Intercity Passenger Rail:

Financial Performance of Amtrak's Routes

RCED-98-151: Published: May 14, 1998. Publicly Released: May 14, 1998.

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Pursuant to a legislative requirement, GAO reviewed the financial: (1) performance of Amtrak's current routes; (2) implications for Amtrak of multiyear capital requirements and declining federal operating subsidies; and (3) effect on Amtrak of reforms contained in the Amtrak Reform and Accountability Act of 1997.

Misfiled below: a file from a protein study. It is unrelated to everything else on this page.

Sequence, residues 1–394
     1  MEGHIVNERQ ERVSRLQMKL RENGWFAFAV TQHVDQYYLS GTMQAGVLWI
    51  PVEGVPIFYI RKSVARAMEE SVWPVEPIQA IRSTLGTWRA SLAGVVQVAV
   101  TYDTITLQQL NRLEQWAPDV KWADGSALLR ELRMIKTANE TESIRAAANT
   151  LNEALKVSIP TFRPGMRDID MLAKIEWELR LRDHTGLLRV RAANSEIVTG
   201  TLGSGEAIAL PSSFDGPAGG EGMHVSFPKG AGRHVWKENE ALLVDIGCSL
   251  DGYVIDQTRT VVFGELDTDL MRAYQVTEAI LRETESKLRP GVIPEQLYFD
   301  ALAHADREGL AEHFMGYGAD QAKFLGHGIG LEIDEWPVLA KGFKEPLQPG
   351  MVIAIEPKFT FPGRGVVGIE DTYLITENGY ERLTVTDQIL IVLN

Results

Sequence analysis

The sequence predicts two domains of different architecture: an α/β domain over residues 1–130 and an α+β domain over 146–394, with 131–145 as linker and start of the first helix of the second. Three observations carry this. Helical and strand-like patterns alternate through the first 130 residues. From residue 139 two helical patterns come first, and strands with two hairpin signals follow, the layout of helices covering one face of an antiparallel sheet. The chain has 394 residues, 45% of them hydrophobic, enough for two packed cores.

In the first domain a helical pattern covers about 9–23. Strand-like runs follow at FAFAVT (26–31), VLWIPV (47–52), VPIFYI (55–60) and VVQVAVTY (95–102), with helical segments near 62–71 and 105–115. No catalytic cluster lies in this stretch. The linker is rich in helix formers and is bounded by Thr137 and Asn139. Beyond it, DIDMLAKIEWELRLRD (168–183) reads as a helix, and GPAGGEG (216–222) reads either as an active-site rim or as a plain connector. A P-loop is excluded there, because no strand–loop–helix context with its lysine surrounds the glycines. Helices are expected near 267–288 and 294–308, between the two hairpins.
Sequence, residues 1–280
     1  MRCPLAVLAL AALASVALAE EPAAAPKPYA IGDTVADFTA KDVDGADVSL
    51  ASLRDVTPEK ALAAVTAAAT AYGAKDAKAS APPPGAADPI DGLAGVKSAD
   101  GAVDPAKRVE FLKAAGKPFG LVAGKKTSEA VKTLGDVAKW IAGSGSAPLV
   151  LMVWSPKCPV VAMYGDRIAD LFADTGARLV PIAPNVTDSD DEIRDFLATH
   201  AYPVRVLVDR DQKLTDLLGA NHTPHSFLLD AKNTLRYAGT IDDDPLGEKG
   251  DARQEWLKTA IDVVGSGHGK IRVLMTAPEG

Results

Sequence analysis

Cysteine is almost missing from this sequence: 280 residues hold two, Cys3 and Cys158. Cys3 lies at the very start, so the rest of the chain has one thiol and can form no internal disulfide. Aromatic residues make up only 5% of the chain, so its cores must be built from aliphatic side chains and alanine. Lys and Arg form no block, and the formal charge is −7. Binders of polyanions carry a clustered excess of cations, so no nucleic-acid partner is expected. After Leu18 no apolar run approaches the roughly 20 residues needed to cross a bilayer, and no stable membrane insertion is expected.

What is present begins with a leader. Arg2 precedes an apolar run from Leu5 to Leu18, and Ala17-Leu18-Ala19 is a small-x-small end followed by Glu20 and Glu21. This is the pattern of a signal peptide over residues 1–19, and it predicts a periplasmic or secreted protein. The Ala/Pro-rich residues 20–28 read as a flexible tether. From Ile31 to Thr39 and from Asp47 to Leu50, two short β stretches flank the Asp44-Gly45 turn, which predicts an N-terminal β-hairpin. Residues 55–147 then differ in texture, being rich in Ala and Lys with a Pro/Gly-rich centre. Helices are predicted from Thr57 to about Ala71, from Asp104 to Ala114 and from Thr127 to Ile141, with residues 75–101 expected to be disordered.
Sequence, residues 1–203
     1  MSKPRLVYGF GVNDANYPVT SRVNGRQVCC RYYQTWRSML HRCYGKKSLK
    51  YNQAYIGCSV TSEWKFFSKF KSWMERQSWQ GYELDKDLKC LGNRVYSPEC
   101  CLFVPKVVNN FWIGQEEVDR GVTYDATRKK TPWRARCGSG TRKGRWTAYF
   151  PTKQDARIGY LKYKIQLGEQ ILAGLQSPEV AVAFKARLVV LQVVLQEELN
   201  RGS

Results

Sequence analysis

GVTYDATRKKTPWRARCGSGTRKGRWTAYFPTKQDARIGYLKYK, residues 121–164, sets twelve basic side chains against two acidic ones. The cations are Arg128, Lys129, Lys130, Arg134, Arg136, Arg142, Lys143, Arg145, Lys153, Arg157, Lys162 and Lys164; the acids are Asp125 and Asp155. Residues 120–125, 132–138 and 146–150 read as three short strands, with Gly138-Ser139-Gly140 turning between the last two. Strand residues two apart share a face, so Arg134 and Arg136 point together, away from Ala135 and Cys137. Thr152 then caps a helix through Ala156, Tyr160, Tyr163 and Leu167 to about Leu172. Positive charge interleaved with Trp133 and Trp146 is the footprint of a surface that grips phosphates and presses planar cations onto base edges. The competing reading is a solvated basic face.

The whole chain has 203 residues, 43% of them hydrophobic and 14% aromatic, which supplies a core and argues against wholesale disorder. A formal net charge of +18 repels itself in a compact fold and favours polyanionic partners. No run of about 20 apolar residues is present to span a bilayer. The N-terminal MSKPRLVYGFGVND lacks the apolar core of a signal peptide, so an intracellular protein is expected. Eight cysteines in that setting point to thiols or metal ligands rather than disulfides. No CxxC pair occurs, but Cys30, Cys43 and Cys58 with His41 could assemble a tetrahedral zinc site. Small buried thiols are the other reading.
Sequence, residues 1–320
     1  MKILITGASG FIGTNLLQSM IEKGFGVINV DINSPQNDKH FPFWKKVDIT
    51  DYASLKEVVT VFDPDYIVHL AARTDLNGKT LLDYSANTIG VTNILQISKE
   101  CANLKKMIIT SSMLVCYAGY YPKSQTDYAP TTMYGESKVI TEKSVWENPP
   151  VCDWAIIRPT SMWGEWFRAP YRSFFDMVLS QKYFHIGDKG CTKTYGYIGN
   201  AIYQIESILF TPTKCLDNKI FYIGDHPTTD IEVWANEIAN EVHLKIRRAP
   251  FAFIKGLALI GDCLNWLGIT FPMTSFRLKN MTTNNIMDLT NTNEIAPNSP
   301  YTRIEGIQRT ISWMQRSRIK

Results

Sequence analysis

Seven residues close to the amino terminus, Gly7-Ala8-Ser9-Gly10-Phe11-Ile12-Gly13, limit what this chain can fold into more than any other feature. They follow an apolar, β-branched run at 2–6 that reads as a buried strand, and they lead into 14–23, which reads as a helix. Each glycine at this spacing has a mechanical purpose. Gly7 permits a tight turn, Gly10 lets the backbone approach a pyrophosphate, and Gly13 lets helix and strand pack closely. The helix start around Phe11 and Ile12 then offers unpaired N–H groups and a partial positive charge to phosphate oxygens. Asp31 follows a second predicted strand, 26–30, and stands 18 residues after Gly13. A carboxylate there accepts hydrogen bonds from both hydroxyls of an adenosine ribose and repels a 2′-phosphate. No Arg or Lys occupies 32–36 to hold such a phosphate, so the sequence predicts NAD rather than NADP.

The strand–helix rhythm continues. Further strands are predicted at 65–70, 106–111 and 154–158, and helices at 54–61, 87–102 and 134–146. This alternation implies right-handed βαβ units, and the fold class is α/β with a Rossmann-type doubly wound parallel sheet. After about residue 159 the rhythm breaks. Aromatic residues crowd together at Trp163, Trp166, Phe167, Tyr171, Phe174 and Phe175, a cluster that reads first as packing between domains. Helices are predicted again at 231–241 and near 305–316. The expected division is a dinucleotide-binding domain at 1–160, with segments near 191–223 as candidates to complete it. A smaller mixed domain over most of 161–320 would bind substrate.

GAO noted that: (1) Amtrak spends almost $2 for every dollar of revenue it earns in providing intercity passenger service; (2) only the Metroliner's high-speed service between Washington, D.C., and New York City is profitable; all of Amtrak's other 39 routes operate at a loss; (3) financial performance measures highlight the problems that Amtrak routes generally are experiencing; (4) for example, 3 Amtrak routes spent more than $3 for every dollar of revenue, and 14 routes lost more than $100 per passenger in fiscal year (FY) 1997; (5) at the same time, Amtrak has improved the financial performance of several routes by negotiating support payments with affected states; (6) for example, California supplemented the revenues of two routes by about $16.5 million each in FY 1997 because these routes particularly benefited its residents; (7) any decisions about restructuring Amtrak's route system need to consider whether and how Amtrak will continue to provide national passenger service; (8) an analysis also needs to assess each route's customer demand and financial performance, the willingness of state and local governments to subsidize service, and the route's broader benefits; (9) these benefits could include providing connecting service to other routes, providing public transportation that links smaller communities with major cities, and helping to alleviate highway congestion and pollution; (10) Amtrak is in a very precarious financial position and remains heavily dependent on federal funding to pay its operating and capital expenses; (11) while Amtrak's goal is to eliminate the need for federal operating subsidies by 2002, its Board of Directors approved a revised strategic business plan in March 1998 that projected substantially higher net losses in FY 1998 and FY 1999 than were included in the previous plan; (12) to reduce these net losses, Amtrak's revised plan would use federal capital appropriations to pay for maintenance expenses that traditionally have been treated as operating expenses; (13) as a result, Amtrak would spend $800 million, or 15 percent, less for capital improvements over the next 5 years than previously planned; (14) as currently structured, Amtrak will continue to require federal capital and operating support in 2002 and well into the future; (15) the reforms included in the Amtrak Reform and Accountability Act of 1997 will have little, if any, immediate effect on Amtrak's financial performance, according to Amtrak and Federal Railroad Administration officials; and (16) the officials added that the longer-term benefits of these reforms are unclear.

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